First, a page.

JC: I think artists’ statements are just part of the whole show. You
could probably add those texts that galleries/museums write about
their shows to that or many of the texts/reviews in serious art
magazines. I wouldn’t necessarily say that each and every one is bad,
but unfortunately, there is quite a trend. So usually, I don’t read
them. I only read them if I can’t figure out what the work is all
about (which might or might not say something about the work). As for
a particularly ridiculous one, I don’t remember the details any
longer, but I do remember it was a couple of years ago, and I think it
was a statement written for one of those Whitney Biennials or whatever
those events are called. I remember I laughed for maybe ten minutes.
Pure comedy gold.

APE: Is there a style of photography that you would add to The United
Nations Convention against Torture and Other Cruel, Inhuman or
Degrading Treatment or Punishment.

JC: I’m glad you’re asking about a style and not about a photographer.
“Street photography”. Puh-leeease! I mean if you want to see street
photography, take a walk! At any given time, if you walk around and
look what there is to see you’ll see a “street photo” right in front
of you! Oh wait, how could I forget about “fashion photography”?

APE: You have uncovered thousands of talented photographers whom I’ve
never heard of. How do you do it and where are they hiding?

JC: Most of them are hidden in full sight! You just have to look
around. And that’s really all I do. For example, sometimes I look
through the lists of students at photography schools. I also do read
quite a few blogs regularly. A few years back, when there were very
few photo blogs and when I had run out of links, I would Google for
categories that I’d make up spontaneously. For example, I remember I
once started looking for Finnish photography, simply because I didn’t
know anything about it, but I thought it would be neat to find out
what was out there. It’s interesting to note that while a few years
back stuff was often hard to find because no one had linked to it,
stuff now is hard to find because there is so much, and one has to
sift through a lot of it.

WTJ: Am I at a disadvantage or an advantage seeing as I am the only
one of us who has met you?

JC: You’re obviously the only one who knows for a fact that I’m not a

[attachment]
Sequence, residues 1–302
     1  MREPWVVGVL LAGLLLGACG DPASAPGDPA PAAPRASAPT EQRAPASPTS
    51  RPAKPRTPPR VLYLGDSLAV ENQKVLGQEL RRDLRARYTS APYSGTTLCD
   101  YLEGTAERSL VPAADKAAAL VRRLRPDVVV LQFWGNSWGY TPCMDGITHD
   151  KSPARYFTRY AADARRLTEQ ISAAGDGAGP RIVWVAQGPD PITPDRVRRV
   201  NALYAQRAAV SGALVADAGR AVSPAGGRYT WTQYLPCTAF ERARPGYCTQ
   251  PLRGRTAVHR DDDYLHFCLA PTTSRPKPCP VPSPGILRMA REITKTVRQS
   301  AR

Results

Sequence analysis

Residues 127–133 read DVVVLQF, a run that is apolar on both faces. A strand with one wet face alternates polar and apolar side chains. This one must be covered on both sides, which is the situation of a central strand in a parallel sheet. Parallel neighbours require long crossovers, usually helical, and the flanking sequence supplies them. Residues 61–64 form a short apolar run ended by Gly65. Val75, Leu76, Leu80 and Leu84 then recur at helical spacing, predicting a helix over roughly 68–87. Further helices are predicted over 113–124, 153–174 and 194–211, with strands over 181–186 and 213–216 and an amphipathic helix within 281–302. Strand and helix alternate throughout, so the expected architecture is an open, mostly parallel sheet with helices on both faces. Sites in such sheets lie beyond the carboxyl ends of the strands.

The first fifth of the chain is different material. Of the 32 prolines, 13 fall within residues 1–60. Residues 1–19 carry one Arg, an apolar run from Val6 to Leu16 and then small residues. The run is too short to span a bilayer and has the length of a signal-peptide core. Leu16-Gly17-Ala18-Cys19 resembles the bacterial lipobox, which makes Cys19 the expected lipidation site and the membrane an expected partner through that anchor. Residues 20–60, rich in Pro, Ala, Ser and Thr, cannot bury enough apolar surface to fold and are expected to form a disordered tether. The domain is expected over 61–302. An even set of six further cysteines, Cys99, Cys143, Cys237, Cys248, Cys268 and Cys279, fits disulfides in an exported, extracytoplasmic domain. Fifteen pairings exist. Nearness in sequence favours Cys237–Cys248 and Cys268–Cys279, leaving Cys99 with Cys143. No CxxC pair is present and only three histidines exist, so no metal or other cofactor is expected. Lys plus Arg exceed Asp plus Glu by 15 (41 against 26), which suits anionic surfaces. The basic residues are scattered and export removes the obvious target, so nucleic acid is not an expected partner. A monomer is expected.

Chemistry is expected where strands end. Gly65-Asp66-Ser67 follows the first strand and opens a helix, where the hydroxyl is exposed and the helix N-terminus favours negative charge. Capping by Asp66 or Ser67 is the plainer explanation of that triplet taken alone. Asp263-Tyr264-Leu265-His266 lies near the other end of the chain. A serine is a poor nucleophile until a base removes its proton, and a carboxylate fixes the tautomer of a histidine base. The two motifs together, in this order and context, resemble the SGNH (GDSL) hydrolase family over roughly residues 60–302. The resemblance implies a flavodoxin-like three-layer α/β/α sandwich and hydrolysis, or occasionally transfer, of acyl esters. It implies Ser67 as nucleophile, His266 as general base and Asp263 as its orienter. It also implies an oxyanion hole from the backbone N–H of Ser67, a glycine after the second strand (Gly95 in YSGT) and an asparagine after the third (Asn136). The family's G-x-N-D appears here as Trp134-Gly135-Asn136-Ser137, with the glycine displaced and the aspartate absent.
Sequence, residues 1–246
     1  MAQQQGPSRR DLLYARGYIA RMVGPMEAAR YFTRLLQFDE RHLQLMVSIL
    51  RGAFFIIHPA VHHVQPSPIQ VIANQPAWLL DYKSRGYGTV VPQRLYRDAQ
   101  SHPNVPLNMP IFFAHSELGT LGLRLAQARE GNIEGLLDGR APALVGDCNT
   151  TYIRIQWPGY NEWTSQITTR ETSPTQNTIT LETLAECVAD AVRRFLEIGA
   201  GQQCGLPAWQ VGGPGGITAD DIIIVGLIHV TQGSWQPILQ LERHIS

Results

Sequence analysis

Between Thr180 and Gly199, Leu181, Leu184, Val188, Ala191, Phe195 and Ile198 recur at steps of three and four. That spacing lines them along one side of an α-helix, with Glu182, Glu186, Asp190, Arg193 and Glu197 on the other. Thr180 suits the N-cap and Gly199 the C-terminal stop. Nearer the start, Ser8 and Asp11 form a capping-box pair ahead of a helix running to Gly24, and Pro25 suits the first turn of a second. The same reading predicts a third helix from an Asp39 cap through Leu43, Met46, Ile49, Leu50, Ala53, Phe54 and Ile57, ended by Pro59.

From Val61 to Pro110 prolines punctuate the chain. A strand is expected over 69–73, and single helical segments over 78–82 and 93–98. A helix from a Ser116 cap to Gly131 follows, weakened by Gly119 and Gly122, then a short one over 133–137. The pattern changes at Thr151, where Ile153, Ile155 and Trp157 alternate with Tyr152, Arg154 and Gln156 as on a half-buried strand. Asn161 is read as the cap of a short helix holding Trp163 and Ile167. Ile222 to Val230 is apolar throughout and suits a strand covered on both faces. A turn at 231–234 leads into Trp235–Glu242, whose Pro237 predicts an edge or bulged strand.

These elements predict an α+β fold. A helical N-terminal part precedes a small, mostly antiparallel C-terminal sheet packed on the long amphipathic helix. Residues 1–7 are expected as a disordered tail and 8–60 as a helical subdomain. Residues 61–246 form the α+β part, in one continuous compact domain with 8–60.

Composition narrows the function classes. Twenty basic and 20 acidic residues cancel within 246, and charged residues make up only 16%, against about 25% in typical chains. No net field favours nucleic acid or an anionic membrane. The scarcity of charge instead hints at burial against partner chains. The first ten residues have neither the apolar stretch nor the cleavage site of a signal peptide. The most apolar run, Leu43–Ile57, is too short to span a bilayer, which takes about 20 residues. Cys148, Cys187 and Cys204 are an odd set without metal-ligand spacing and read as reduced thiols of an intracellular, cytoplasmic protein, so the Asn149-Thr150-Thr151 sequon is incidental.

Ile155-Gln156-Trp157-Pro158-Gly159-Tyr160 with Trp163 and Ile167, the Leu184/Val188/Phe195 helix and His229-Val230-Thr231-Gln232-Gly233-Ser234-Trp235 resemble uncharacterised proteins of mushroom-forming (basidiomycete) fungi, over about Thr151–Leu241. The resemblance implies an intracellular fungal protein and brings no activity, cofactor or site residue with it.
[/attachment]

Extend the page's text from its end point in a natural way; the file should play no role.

15 year old with an acne problem who is pretending to be a photo
blogger at his parent’s computer – but I can’t tell whether that’s an
advantage or a disadvantage.

WTJ: What do you think is people’s biggest misconception of yourself?

JC: I have come across people thinking that I’m “intense and intellectual”.

WTJ: How did you feel about ‘The Bitter Photographers’ Conscientious posting?

JC: I don’t care about anonymous posts or comments. If you have an
opinion or if you feel like you have to make fun of something or
somebody, be an adult and stand for what you have to say. Don’t hide
behind “anonymous”. So I didn’t spend much time thinking about it – it
would have been like thinking about graffiti in the bathroom of a
public high school: Not much to be learned. No argument to be had. And
even the kind of fun to be had is very limited, for the same reasons.

WTJ: Are you and Alec Soth tight?

JC: For some reason people appear to think that Alec and I are very
close. But in reality we don’t know each other all that well – apart
from what we know from our email exchanges and from meeting once and
saying hello (at the opening of the portrait show last Summer in New
York). I have to say, though, that he’s an incredibly nice guy.

WTJ: Why do you think he stopped blogging ?

JC: I think he stopped blogging for the reasons given in his last
post. I really regret he did, because he provided such a unique and
dedicated voice to the blog world. But who knows – maybe he’ll be back
some day?

WTJ: What does your wife think about you being such a player on the
photo scene? I know she got a kick out of it when I referred to you as
the ‘godfather’ in my first ever posting.

JC: When I started my blog, I never thought someone would seriously
use the terms “a player” and “godfather” about me. Very odd. As for my
wife, I never figured out whether she thought of “the Godfather” as in
the movie or as in when referring to James Brown. With her Italian
family background it must have been the former, whereas I was amused
since I’m about as un-James-Brown as one could possibly get. In any
case, I think she is somewhat less surprised than I am about me having
some sort of role in “the scene”. I do know that she’s happier about